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BILL PLASCHKE

Late Worm Gets Hook

With Rodman gone, it's time for West to show his face again--and for Buss to put his basketball chief back in control.

April 16, 1999|BILL PLASCHKE

"Just go home."

Kurt Rambis finally said it to Dennis Rodman Thursday, exactly 30 days after some of us wished he had said it, finally extracting the most dangerous pest from the foundation of a fast-crumbling house.

The worm has finally turned. Rodman is gone. The bad idea is now just a bad memory. The distraction is over. The 10-game end of the season can begin.

But, first, somebody around the Forum needs to say those three words again.

Say them to owner Jerry Buss.

"Just go home."

With his insistence on signing Rodman, Buss showed that whatever he's been doing in recent years while hiding from media and fans, it's certainly not studying playbooks or motivation manuals.

He needs to return to his position of Team Wallet, and give the basketball back to Jerry West.

Make him the boss again. Allow him to use the release of Rodman--which West probably accomplished by shaking Buss and saying, "It's him or me! It's him or me!"--as West's first step in regaining total basketball control.

Because, more than anything, the Rodman blemish proved that the Lakers are an organization that desperately needs somebody in control.

That is, somebody other than TV announcers unafraid to laugh at them, and former players unembarrassed to scoff at them, and longtime fans unashamed to openly trash them.

And all this criticism wasn't just about Rodman. In fact, most of it wasn't.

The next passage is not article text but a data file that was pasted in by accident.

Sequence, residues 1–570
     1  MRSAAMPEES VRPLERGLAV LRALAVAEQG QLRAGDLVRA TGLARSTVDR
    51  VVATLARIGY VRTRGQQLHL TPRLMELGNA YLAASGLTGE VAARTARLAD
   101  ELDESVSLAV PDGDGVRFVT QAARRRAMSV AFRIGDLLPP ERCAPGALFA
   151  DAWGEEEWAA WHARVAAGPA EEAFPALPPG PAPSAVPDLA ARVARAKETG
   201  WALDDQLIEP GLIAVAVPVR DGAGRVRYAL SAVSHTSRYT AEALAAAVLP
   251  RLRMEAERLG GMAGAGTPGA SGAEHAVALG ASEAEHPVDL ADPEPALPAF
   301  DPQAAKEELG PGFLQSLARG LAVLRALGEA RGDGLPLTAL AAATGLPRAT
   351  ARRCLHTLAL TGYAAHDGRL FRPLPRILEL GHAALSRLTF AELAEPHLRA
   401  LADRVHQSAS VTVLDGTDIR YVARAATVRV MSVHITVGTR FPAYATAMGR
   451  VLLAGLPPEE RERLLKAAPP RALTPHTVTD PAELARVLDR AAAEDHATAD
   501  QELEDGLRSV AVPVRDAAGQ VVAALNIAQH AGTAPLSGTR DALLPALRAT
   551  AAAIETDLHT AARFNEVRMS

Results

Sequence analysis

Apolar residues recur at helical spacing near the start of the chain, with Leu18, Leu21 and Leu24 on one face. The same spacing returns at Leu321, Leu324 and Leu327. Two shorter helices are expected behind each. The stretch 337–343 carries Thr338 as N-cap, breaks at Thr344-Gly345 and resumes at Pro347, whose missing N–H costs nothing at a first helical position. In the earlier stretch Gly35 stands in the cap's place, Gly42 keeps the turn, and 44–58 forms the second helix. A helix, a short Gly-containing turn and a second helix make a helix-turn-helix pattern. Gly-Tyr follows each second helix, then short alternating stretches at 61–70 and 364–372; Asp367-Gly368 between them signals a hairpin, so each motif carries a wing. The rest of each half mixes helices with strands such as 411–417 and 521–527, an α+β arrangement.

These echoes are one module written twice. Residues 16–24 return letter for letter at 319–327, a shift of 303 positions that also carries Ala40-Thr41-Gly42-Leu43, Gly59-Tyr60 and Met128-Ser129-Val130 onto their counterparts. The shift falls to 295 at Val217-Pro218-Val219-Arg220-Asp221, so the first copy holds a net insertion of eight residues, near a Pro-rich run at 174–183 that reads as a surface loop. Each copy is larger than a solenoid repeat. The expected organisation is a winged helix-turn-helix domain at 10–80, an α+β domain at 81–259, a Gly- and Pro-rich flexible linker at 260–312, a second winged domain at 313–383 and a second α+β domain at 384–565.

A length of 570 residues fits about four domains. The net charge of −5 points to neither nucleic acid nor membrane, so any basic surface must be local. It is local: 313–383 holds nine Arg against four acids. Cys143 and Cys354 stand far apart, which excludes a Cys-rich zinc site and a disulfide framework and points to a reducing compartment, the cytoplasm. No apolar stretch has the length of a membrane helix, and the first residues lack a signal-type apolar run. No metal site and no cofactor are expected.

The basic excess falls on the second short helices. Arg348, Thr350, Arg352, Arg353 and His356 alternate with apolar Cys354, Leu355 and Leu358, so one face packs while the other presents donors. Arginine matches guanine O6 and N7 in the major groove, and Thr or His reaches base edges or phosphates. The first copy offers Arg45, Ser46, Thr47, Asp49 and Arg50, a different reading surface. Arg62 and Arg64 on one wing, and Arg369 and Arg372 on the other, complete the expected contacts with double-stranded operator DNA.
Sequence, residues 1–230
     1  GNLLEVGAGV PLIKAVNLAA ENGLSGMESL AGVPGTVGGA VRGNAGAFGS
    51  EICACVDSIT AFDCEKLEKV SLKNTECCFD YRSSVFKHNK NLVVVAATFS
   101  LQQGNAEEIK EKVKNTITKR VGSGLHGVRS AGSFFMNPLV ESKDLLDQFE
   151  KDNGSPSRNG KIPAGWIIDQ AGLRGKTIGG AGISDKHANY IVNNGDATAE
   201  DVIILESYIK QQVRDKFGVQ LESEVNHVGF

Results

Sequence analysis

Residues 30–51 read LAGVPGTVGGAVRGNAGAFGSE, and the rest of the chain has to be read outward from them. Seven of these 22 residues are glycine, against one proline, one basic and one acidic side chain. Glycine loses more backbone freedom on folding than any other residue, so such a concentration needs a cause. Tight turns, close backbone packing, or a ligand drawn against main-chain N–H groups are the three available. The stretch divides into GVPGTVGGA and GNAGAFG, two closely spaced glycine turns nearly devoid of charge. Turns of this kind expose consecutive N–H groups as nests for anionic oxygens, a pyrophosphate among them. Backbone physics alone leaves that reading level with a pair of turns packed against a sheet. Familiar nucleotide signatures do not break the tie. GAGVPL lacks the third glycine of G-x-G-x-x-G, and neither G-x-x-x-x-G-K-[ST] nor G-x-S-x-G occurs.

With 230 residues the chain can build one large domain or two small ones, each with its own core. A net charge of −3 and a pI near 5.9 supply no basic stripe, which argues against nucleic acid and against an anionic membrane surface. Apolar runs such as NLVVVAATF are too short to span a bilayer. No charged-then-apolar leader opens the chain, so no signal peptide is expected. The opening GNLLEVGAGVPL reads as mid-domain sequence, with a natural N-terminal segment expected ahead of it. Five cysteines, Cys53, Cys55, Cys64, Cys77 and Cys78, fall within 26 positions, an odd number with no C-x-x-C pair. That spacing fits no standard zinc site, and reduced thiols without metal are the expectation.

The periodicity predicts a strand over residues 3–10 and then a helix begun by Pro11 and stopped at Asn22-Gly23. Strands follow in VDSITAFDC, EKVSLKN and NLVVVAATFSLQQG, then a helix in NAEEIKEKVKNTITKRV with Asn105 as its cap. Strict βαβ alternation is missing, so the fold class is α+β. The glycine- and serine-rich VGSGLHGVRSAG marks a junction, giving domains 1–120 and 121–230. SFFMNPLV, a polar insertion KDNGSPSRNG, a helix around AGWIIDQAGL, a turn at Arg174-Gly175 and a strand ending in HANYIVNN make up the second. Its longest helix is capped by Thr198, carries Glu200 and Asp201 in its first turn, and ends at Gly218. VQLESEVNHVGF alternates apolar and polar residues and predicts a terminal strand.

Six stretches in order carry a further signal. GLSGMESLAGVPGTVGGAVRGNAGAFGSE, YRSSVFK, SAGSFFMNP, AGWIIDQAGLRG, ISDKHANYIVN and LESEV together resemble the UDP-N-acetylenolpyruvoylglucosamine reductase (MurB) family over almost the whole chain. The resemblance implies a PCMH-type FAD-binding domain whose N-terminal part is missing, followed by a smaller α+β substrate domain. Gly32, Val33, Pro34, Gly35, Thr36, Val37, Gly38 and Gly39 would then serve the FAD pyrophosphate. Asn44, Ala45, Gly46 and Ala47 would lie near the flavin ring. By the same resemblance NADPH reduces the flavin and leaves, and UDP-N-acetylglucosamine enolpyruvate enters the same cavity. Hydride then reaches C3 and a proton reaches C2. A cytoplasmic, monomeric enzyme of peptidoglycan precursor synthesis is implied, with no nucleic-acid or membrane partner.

In cutting Rodman, the Lakers have silenced their biggest rattle, but they haven't fixed a thing.

What about the coach?

What about the defense?

What about the toughness?

Certainly, West may have made a terrible miscalculation of Eddie Jones' defense and Elden Campbell's rebounding when he made the trade for Glen Rice. That same mistake was made in this space.

But West never would have needed Glen Rice if Buss had allowed him to trade last year for Mitch Richmond.

And West was dealing with a new setting when Buss forced him to sign Rodman.

With everything from the long-term deal given Robert Horry to play an unfamiliar power forward, to the recent Rice mess, West certainly has contributed to the Lakers' reputation as one of professional sports' most underachieving teams.

But the sense here is that only West can fix it.

Judging from the scant amount of time West has been seen around the team lately, it is obvious he has felt shackled.

Now Buss needs to set him loose again.

Let him earn that fat contract extension.

Rodman may be gone, but potential distractions abound.

Like, what do you do about Kurt Rambis?

If the Lakers have every intention of giving Rambis a fair shot next season, then West might want to announce that now.

If the Lakers have any chance in the playoffs, it will probably be with a lame-duck coach.

Among other things that Dennis Rodman colorfully illustrated, this was one of them.

If Buss will not pay for Phil Jackson--and history shows that he absolutely will not--Rambis has shown to be a potentially good fit, given a regular schedule and time to practice.

But without any backing from management beyond May, Rambis has been on increasingly unsteady ground, and Rodman knew it, and that made it even easier for him to attempt to walk all over him.

Even without shoes and socks, as was the case in his final Laker appearance at practice Thursday.

In the end, Rodman will be remembered here as much for being sad as bad.

In the end, Dennis Rodman finally found something that would overshadow his eccentricities . . . and that was Dennis Rodman.

His desire to skip games and refusal to enter others was overshadowed by the fact that, well, he wasn't always that great when he did show up.

In the end, in other words, he was funnier when Karl Malone and Vin Baker were not kicking him all over the court.

As much as we'd like to applaud the Lakers for taking the moral high road, we all know the modern-day truth.

He was not being cut just because he was a selfish distraction, but because he wasn't good enough on the court to make that stuff not matter.

Regardless of the means, the end was justified, the Lakers have one less guy to blame, Rodman is gone.

Which won't matter a whit if Jerry West doesn't use the occasion to return.

Bill Plaschke can be reached at his e-mail address: bill.plaschke@latimes.com

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